REVIEW: ‘THE WIFE UPSTAIRS’ BY RACHEL HAWKINS

Jane has secrets and so does Eddie. And as the secrets start unveiling, their happy little place cannot be left untouched.

Rachel Hawkins’ first adult novel ‘The Wife Upstairs’ published by Macmillan Publishers on 5th June 2021 is supposed to be an urban, twisted version of the classic ‘Jane Eyre’.

Jane, in her early 20s, while running away from her past has ended up in Birmingham in a shabby apartment with an obnoxious roommate. But her job as a dog walker is in the other side of the town – with identical plush villas and shiny SUVs. Carelessly jumbled pursed on carefully chosen upholstery. Even the people all look the same.

But the villa at the extreme right is a little different, the grass messier, the interiors mismatched, a backyard that overlooks the woods and not other villas. A little rugged. And so is the sole resident of the villa- Eddie Rochester. As soon as Jane stumbled upon Eddie’s red sports car, she seals her fate.

The romance that ensues is swift and full, complete with neighborhood gossip and the sly boasting of becoming an equal. But Jane with her cunning mind and the protected cocoon that is the Rochester home, cannot wrap her head around Eddie’s dead wife, Bea and the mystery that surrounds the ghost of Bea.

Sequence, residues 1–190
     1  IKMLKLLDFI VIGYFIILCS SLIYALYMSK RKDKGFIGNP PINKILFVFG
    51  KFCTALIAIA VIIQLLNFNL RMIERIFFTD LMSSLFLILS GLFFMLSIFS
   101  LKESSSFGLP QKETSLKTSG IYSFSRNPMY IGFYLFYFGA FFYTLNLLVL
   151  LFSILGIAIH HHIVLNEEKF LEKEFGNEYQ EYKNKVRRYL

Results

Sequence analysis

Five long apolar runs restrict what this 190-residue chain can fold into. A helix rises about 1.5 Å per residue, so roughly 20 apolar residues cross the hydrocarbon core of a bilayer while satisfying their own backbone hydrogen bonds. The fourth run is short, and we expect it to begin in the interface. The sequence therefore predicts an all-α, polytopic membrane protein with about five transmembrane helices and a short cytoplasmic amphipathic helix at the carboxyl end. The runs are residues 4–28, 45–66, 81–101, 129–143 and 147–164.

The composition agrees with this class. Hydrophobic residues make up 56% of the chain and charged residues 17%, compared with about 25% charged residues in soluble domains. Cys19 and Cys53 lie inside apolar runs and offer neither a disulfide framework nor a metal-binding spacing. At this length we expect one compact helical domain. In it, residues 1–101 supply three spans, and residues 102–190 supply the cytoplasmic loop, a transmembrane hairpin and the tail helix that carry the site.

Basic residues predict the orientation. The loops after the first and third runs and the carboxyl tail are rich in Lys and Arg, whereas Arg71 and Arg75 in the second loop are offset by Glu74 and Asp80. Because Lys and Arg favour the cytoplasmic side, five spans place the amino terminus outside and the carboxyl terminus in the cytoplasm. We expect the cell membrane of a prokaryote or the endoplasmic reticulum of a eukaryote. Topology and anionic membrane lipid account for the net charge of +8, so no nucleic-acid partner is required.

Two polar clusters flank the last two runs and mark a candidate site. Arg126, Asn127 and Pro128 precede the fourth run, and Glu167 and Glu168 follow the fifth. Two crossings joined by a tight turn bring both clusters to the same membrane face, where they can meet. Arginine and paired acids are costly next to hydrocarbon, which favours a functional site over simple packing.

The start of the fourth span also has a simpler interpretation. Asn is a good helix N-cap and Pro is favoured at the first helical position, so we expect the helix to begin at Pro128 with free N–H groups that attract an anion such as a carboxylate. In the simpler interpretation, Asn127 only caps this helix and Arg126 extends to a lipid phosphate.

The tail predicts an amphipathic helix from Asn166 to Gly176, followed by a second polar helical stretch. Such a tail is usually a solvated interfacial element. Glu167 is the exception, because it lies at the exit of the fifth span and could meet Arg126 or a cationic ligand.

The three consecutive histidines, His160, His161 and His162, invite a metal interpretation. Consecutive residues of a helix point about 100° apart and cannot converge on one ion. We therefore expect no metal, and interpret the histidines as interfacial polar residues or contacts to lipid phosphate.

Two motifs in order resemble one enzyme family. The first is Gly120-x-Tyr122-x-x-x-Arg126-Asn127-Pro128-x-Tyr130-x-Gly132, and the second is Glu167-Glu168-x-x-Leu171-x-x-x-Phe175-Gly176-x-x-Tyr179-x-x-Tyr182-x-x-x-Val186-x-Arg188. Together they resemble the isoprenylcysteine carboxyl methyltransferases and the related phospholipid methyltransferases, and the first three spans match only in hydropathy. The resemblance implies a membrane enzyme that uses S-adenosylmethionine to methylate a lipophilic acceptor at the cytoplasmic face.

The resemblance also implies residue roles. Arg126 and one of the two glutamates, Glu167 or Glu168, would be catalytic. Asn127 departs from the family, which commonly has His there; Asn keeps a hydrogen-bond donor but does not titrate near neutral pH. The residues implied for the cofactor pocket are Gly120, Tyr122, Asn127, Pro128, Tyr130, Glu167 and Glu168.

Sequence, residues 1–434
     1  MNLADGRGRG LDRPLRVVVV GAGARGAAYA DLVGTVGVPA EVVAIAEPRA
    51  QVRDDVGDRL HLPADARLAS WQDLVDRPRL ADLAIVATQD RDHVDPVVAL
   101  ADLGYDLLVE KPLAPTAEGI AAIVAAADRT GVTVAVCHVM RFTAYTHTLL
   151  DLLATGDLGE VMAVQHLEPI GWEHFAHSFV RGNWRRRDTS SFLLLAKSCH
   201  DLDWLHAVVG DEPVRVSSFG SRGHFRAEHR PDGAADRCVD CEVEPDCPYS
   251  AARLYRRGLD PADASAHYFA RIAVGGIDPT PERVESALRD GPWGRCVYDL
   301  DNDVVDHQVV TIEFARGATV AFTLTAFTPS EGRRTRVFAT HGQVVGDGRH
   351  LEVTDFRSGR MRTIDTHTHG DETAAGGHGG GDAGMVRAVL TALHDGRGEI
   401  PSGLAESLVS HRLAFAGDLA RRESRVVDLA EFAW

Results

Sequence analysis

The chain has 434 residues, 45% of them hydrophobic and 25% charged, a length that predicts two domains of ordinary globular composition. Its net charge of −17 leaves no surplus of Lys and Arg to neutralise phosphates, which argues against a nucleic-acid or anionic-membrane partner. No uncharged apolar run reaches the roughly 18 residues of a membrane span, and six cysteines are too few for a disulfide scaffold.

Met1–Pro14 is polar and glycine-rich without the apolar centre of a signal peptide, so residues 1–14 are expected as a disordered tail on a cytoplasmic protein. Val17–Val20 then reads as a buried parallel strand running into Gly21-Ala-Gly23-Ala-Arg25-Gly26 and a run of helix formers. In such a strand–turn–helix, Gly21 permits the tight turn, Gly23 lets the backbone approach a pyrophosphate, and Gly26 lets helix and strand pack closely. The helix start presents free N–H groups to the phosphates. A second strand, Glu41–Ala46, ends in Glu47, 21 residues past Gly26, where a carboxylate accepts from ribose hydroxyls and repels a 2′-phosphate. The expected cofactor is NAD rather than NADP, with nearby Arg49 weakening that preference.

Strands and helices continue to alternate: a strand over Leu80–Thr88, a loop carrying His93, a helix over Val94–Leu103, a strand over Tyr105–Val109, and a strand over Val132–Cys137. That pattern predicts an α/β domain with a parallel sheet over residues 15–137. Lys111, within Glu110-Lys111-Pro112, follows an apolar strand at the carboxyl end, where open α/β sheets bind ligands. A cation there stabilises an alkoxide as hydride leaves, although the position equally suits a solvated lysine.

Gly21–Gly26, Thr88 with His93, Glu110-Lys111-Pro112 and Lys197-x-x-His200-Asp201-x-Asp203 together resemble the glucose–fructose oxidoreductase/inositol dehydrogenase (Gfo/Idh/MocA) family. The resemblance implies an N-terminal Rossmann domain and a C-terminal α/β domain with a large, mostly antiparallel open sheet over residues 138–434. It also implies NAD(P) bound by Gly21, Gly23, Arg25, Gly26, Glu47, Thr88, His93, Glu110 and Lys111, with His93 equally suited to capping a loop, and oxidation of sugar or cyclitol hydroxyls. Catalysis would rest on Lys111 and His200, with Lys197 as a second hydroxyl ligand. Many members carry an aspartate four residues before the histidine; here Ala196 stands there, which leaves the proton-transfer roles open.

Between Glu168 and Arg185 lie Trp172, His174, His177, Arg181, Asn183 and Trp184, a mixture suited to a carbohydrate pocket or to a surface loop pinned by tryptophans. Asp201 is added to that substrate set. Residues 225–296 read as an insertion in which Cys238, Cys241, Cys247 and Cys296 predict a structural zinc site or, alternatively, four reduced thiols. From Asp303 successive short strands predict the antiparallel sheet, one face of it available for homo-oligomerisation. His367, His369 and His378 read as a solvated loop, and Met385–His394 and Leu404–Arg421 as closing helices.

Jane never re-decorates the house, never cancels the daily order of fresh flowers that Bea started. But has Jane been truly successful in steering Eddie’s heart towards her?

As an incisive take on Jane Eyre, this novel is steeped in suspense and feminism.

The narration is seasoned and expressive, the story will curl your lips into a sneer at one moment and in awe at another.

The multiple perspectives provided makes the reader privy to a lot of twisted truths, that works wonderfully to escalate the building suspense for the steady reveal.

The themes of forbidden romance, a protected abode and disguised betrayal are similar to that of Charlotte Bronte’s Jane Eyre, but the detailing of ‘The Wife Upstairs’ reminds me much more of Daphne du Maurier’s ‘Rebecca’ – from Jane’s lack of any physical contribution to the house, the portrayal of a boat and water as the death reaper, till the ultimate confusion of who is the murderer.

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